Design, selection and optimization of an anti-TRAIL-R2/anti-CD3 bispecific antibody able to educate T cells to recognize and destroy cancer cells.
Satta A, Mezzanzanica D, Caroli F, Frigerio B, Di Nicola M, Kontermann RE, Iacovelli F, Desideri A, Anichini A, Canevari S, Gianni AM, Figini M.
Recombinant human tumor necrosis factor-related apoptosis-inducing ligand (TRAIL) or TRAIL-receptor agonistic monoclonal antibodies promote apoptosis in most cancer cells, and the differential expression of TRAIL-R2 between tumor and normal tissues allows its exploitation as a tumor-associated antigen. The use of these antibodies as anticancer agents has been extensively studied, but the results of clinical trials were disappointing. The observed lack of anticancer activity could be attributed to intrinsic or acquired resistance of tumor cells to this type of treatment. A possible strategy to circumvent drug resistance would be to strike tumor cells with a second modality based on a different mechanism of action. We therefore set out to generate and optimize a bispecific antibody targeting TRAIL-R2 and CD3. After the construction of different bispecific antibodies in tandem-scFv or single-chain diabody formats to reduce possible immunogenicity, we selected a humanized bispecific antibody with very low aggregates and long-term high stability and functionality. This antibody triggered TRAIL-R2 in an agonistic manner and its anticancer activity proved dramatically potentiated by the redirection of cytotoxic T cells against both sensitive and resistant melanoma cells. The results of our study show that combining the TRAIL-based antitumor strategy with an immunotherapeutic approach in a single molecule could be an effective addition to the anticancer armamentarium.
Anti-TNFR1 targeting in humanized mice ameliorates disease in a model of multiple sclerosis.
Williams SK, Fairless R, Maier O, Liermann PC, Pichi K, Fischer R, Eisel ULM, Kontermann R, Herrmann A, Weksler B, Romero N, Couraud PO, Pfizenmaier K, Diem R.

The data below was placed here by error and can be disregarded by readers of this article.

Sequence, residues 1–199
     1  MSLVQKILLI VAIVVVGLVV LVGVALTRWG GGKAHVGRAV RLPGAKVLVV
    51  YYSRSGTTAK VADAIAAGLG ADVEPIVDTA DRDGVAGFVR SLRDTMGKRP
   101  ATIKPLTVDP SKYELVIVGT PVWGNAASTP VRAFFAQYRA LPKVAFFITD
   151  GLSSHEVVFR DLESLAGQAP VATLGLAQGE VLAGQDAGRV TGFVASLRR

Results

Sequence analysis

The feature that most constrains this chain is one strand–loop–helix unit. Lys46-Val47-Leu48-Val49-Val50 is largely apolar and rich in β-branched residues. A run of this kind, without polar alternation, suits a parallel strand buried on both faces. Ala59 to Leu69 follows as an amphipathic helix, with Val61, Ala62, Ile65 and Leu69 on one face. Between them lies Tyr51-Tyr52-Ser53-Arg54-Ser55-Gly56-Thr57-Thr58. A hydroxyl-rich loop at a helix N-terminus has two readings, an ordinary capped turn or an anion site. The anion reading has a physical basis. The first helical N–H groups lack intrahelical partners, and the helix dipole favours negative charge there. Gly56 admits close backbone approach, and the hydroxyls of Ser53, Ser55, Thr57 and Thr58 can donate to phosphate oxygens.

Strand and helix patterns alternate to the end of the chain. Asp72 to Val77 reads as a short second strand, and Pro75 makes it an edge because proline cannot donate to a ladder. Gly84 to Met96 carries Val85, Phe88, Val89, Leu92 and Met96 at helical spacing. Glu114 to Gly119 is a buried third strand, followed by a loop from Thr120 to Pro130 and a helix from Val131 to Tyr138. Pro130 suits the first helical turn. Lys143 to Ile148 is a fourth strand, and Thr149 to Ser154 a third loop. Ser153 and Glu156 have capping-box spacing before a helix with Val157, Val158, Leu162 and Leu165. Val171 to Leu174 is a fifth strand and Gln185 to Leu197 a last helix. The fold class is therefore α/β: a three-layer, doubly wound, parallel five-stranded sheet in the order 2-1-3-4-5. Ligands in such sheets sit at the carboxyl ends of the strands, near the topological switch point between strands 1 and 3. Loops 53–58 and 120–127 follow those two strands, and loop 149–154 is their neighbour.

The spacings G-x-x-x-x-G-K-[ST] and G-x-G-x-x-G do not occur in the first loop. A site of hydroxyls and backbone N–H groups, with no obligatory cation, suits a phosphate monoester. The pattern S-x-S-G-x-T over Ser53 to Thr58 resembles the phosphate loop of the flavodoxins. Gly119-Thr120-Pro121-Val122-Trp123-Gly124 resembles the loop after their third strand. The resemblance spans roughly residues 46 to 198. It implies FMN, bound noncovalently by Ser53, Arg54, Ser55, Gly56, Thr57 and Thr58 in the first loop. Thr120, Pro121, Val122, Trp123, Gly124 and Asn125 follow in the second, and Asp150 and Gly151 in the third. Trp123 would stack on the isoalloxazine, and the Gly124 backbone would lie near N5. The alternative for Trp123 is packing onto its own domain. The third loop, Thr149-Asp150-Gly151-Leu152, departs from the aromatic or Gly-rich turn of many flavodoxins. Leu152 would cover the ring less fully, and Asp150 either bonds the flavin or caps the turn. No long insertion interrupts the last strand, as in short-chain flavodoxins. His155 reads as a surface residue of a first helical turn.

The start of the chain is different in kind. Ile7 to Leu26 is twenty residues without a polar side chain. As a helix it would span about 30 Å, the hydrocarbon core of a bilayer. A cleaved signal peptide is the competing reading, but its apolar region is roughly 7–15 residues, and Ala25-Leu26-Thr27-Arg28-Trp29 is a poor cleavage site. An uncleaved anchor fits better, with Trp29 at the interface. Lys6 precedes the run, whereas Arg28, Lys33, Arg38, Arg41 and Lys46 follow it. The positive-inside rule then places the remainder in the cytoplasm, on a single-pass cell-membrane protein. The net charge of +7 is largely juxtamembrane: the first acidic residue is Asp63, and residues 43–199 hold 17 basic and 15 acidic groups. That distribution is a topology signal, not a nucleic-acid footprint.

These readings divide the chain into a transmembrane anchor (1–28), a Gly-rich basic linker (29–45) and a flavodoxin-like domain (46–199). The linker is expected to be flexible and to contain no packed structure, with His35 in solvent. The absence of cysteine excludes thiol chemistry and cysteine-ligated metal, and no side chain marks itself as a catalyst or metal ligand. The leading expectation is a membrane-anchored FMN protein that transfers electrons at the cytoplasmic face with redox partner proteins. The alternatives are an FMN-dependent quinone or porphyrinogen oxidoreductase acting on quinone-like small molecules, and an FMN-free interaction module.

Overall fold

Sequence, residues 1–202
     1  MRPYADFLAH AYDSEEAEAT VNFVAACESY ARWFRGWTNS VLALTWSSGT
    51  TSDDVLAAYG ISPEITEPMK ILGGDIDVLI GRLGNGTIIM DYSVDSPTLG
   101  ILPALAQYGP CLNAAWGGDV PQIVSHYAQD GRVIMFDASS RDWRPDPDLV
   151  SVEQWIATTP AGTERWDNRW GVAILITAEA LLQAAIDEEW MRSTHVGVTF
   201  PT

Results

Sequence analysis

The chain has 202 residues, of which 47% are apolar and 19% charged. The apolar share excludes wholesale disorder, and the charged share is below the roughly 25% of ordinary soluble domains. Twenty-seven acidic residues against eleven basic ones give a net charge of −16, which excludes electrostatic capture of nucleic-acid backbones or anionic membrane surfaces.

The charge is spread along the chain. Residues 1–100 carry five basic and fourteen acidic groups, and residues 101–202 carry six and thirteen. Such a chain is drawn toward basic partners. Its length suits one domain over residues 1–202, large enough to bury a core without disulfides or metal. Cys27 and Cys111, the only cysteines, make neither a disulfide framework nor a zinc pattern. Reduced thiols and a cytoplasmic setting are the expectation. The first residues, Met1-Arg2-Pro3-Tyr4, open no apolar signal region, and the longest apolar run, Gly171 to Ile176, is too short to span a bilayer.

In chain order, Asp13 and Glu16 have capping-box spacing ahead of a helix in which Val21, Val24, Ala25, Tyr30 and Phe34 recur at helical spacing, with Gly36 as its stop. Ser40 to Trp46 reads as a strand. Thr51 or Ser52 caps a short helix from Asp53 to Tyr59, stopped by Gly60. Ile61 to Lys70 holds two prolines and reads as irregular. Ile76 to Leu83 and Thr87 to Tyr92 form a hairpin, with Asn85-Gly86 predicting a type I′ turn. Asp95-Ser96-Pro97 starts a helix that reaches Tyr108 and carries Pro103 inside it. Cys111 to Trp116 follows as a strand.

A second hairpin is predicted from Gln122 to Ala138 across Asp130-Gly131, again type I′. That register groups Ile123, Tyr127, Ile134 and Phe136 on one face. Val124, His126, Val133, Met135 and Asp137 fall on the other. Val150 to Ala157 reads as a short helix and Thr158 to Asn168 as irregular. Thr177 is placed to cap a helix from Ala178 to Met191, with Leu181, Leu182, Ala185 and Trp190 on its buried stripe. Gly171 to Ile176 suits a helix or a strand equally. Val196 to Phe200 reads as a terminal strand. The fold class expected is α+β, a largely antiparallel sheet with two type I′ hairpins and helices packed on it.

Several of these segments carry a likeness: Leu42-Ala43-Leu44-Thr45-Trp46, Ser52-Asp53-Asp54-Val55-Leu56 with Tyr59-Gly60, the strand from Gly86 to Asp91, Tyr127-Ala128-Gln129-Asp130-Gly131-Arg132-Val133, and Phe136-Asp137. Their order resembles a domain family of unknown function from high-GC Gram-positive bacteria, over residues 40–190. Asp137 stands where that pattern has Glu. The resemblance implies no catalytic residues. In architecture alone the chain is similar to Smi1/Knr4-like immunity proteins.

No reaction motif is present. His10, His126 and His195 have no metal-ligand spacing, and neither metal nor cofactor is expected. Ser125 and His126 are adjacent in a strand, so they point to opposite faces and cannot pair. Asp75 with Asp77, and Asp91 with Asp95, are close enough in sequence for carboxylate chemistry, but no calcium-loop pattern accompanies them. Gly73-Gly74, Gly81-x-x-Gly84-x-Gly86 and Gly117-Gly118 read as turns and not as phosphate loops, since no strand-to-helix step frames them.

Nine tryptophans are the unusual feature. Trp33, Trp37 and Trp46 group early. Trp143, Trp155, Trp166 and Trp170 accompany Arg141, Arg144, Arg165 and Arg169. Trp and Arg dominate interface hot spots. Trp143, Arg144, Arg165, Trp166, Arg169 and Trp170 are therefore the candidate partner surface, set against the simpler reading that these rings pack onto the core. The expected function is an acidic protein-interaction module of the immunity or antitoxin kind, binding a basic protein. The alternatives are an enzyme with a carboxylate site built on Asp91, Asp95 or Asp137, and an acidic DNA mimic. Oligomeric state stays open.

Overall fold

Tumour necrosis factor (TNF) signalling is mediated via two receptors, TNF-receptor 1 (TNFR1) and TNF-receptor 2 (TNFR2), which work antithetically to balance CNS immune responses involved in autoimmune diseases such as multiple sclerosis. To determine the therapeutic potential of selectively inhibiting TNFR1 in mice with experimental autoimmune encephalomyelitis, we used chimeric human/mouse TNFR1 knock-in mice allowing the evaluation of antagonistic anti-human TNFR1 antibody efficacy. Treatment of mice after onset of disease with ATROSAB resulted in a robust amelioration of disease severity, correlating with reduced central nervous system immune cell infiltration. Long-term efficacy of treatment was achieved by treatment with the parental mouse anti-human TNFR1 antibody, H398, and extended by subsequent re-treatment of mice following relapse. Our data support the hypothesis that anti-TNFR1 therapy restricts immune cell infiltration across the blood-brain barrier through the down-regulation of TNF-induced adhesion molecules, rather than altering immune cell composition or activity. Collectively, we demonstrate the potential for anti-human TNFR1 therapies to effectively modulate immune responses in autoimmune disease.